2001: A vampire walks into a bar . . . Ace Fantasy published Dead Until Dark by Charlaine Harris, introducing Sookie Stackhouse to the world. Set in small-town Louisiana, the story begins when Sookie, a psychic, realizes she can’t hear the thoughts of the vampire sitting in the bar where she works. She gets drawn deeper into the world of vampires and solves the murders terrorizing her town. Well written and as appealing to mystery readers as fantasy fans, this novel started a phenomenal series.
2004: In Undead and Unwed by MaryJanice Davidson, fantasy meets chick lit. Reluctant vampire queen Betsy wakes up dead, reclaims her designer shoe collection, and defeats an evil vampire. This series uses humor and a light tone that sets it apart from other vampire fiction.
2005: Little, Brown published Twilight by Stephenie Meyer. Whether you love sparkly vampires or hate them, you can’t argue with this series’ success—Twilight has sold more than 17 million copies worldwide. Like The Lost Boys, this series uses vampires as a metaphor for adolescent issues, although the two could hardly be more different in feel and tone. Millions of teen girls (not to mention their big sisters and their moms) have sighed along with Bella Swan over Edward Cullen, the ultimate misunderstood outsider.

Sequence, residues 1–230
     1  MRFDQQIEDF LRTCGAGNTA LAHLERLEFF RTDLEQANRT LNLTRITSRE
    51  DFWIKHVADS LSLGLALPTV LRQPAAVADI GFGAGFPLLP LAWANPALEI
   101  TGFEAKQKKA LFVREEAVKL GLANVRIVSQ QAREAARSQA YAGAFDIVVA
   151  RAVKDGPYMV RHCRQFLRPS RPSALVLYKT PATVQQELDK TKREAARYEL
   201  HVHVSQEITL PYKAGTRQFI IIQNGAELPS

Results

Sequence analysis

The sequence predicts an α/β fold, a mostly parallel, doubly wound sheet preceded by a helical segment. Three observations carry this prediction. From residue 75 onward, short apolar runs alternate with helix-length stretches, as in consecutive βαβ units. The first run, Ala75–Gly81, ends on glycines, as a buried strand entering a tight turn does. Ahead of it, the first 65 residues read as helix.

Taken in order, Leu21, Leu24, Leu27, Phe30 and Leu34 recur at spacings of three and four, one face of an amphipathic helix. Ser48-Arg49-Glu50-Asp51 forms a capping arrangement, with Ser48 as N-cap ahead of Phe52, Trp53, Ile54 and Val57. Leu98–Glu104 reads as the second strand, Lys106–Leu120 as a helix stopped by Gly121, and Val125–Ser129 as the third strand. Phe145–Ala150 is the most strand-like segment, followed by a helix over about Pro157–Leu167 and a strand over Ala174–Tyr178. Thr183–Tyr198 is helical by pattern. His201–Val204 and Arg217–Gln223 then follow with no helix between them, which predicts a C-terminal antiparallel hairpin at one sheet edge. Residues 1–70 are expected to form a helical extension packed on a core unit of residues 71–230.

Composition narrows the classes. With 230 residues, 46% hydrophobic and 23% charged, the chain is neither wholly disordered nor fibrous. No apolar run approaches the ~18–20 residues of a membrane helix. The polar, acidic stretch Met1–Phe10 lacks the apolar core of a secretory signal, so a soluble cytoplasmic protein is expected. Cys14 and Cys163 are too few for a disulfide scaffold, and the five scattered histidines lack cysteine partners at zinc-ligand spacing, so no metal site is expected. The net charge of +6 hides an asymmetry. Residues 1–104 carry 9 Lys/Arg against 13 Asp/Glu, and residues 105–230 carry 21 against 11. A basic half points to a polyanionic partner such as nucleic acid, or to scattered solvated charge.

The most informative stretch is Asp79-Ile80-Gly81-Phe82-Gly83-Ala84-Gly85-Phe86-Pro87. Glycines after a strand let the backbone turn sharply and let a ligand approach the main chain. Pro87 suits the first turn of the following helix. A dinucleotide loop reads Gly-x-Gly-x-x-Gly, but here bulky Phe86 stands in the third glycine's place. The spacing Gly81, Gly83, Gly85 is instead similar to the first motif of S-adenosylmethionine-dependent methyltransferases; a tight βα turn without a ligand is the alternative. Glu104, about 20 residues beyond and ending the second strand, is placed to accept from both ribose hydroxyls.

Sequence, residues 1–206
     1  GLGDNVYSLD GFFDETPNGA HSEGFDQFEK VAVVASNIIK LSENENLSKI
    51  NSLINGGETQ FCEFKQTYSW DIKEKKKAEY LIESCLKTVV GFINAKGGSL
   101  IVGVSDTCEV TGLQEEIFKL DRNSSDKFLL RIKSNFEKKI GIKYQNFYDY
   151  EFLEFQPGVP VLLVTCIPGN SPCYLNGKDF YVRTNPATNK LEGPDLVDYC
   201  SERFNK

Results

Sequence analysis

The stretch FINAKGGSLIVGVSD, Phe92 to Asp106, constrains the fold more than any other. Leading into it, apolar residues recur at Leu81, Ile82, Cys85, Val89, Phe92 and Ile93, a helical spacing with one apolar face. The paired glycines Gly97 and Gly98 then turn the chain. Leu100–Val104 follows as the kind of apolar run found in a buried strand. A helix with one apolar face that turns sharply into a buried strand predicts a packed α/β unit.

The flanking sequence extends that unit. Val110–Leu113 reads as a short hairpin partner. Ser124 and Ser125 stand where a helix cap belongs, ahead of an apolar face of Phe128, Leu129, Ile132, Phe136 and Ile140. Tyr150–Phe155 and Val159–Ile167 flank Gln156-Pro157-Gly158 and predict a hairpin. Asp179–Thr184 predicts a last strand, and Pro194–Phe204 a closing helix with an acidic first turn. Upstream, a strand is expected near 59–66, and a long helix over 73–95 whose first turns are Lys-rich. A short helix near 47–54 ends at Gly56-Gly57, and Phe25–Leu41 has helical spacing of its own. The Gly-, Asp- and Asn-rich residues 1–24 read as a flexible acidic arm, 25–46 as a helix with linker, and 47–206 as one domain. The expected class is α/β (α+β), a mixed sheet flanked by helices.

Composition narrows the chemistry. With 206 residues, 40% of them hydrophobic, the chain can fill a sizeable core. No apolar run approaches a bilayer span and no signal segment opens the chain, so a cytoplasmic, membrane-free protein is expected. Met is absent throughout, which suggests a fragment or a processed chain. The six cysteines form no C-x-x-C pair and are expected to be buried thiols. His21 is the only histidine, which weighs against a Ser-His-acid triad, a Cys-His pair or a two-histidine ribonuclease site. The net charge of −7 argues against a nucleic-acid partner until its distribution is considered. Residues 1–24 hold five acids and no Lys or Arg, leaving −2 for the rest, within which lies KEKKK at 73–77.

2008: True Blood premiered on HBO. With a great advertising campaign promoting TruBlood synthetic blood as though it were a real product (remember “Friends don’t let friends drink friends”?), this series was an instant hit, sending a whole new audience to Charlaine Harris’s books.
2008: Released in November, the film version of Twilight made Robert Pattinson, Kristen Stewart, and Taylor Lautner stars—not to mention more than half a billion dollars in sales.
Okay, I know I’ve left lots of stuff out. What are some of your favorite vampire moments from the past 25 years? And where do you think vampires might be headed in the future?
Thank you so much Nancy! Here are a few of the places around the web you can find Nancy:
Nancy has been super generous and is giving away an awesome prize pack that I wish I could get!
~1 winner will receive:
- signed copy of Deadtown by Nancy Holzner
- The Vampire Lestat by Anne Rice
- bookmark Newborn Hunger by Rebecca Sinz
To enter, answer Nancy’s questions AND fill out the FORM.